Tech centres will close, say schools

JOB LOSSES: Mt Cook School technology teacher Simon Depree teaches plane skills.
JOB LOSSES: Mt Cook School technology teacher Simon Depree teaches plane skills.

Three Wellington technology centres say they will be forced to close if changes announced in the Budget go ahead.

More than 2400 year 7 and 8 pupils in the Wellington region travel to technology centres at Mt Cook School, Karori West School, Plimmerton School, Raumati Beach School and Featherston School each week.

Each centre is given technology staff funding directly from the ministry, but this will be scrapped under the Budget changes.

The Education Ministry says funding has now been spread more evenly from years 2 to 10, and given to each school directly.

Minister Hekia Parata has said the impact will be minimal, as most schools are expected to continue sending their pupils to the technology centres and pay from their own staffing allowances.

But Mt Cook School principal Sandra McCallum said many of the 17 primary schools that sent more than 700 pupils to their technology centre were already dealing with their own staff losses.

Principals had told her that, while they would love to keep sending their pupils, it was unlikely they could afford it.

"They are just devastated because they think the programme is great, but they need to use their staff funding at their own school."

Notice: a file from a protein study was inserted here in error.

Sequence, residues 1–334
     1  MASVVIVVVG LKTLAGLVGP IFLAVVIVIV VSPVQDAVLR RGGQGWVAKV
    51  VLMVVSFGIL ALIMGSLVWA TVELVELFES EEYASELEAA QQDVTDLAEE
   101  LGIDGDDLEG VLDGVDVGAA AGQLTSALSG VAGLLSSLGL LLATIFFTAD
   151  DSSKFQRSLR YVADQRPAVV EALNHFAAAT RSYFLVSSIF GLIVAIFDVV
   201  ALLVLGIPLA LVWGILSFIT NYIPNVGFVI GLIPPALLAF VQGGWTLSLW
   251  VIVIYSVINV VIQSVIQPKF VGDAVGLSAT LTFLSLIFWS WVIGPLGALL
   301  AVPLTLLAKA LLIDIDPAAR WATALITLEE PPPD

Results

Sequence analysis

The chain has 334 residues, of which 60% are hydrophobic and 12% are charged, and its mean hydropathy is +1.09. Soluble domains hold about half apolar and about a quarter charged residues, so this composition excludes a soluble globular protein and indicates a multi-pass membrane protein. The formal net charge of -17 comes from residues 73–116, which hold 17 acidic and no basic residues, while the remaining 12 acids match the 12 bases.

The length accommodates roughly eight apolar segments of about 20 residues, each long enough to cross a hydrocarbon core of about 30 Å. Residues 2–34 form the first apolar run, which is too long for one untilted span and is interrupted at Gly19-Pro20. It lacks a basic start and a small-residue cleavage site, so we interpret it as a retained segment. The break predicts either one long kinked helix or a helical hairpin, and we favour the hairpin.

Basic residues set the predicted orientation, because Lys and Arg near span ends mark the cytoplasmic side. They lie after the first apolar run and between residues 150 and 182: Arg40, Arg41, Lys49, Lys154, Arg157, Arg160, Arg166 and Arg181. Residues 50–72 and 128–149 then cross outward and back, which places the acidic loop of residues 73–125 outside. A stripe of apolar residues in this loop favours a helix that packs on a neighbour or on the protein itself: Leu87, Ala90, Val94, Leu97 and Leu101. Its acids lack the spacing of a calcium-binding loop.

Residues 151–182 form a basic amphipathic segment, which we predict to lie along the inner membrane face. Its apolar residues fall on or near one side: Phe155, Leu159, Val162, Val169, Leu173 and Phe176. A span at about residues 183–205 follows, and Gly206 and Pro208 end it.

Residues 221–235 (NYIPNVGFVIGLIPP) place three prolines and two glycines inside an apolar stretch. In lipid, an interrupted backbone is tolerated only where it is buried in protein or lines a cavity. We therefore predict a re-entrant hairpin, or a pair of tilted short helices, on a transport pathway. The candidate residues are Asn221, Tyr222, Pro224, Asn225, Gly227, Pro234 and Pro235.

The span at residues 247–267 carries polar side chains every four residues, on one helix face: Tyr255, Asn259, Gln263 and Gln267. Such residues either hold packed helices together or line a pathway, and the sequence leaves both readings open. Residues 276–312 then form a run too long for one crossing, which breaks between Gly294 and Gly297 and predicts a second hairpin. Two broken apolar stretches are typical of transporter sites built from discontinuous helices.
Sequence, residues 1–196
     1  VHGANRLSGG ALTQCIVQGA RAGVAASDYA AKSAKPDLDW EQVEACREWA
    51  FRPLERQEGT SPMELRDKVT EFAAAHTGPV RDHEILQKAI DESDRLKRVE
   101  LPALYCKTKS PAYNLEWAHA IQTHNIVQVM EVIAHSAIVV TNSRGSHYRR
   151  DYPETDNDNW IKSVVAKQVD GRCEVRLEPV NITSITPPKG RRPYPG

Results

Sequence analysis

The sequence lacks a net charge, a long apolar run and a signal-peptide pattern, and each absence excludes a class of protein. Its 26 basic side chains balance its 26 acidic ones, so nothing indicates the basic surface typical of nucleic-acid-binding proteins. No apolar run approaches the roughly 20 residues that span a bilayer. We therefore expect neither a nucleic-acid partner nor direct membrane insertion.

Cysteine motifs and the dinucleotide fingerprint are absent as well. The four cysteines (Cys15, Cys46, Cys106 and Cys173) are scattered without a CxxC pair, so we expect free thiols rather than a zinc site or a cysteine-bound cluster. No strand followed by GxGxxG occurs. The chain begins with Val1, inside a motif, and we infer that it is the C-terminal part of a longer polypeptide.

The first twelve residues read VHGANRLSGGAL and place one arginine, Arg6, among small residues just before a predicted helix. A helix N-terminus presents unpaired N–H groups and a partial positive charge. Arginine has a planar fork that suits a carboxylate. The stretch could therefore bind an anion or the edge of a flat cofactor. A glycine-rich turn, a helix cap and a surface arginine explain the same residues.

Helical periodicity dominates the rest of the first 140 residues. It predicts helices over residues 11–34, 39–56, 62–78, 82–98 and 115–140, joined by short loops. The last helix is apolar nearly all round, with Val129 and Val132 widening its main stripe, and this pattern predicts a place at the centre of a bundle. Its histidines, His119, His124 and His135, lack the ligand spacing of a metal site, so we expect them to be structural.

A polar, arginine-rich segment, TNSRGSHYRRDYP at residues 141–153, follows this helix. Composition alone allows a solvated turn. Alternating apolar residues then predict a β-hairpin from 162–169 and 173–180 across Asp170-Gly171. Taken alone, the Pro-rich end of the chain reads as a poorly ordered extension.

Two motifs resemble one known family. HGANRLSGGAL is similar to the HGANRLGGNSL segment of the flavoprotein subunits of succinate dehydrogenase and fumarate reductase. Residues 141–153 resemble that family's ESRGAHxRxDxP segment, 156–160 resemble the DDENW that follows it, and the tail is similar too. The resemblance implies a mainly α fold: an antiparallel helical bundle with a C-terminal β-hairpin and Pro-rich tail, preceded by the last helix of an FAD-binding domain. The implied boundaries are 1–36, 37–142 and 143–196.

The ministry had also paid to bus the pupils from surrounding schools to the centre, which would now be stopped.

Five teachers at Mt Cook would lose their jobs, and the centre would close unless the Government reversed its decision, Ms McCallum said.

Te Aro School principal Sue Clements, who sends her pupils to technology classes at Mt Cook, said the school would have to reconsider using the centre because it was losing funding for the equivalent of 0.4 of a teacher.

"We are seriously going to have to look at what we can afford, and weigh it up against other support programmes, like reading recovery.

"Tech is the highlight of the week for our seniors and it would be terrible if they didn't have that opportunity - we shouldn't be having to make this choice."

Karori West School principal Janice Shramka said her school was also in an impossible position. "We can't expect schools that are losing staffing to give us money - that is never going to work. It's appalling, absolutely appalling."

Their centre would have to close, even with the Government offering to cap staff losses at two teachers, because that was still significant or schools, she said.

Raumati Beach School principal Mike Farrelly said there was no way client schools could pay for Raumati Beach's six technology teachers.

"We've put a lot of time and effort into developing our curriculum, invested money in professional development, and now it's just like, what's the point? No matter what way you look at it, it impacts on opportunities for kids."

Ms Parata and Education Secretary Lesley Longstone were unavailable for comment yesterday.

A ministry spokesman said the impact of staffing ratio changes on individual schools would not be known until the 2013 provisional rolls were set.

The Dominion Post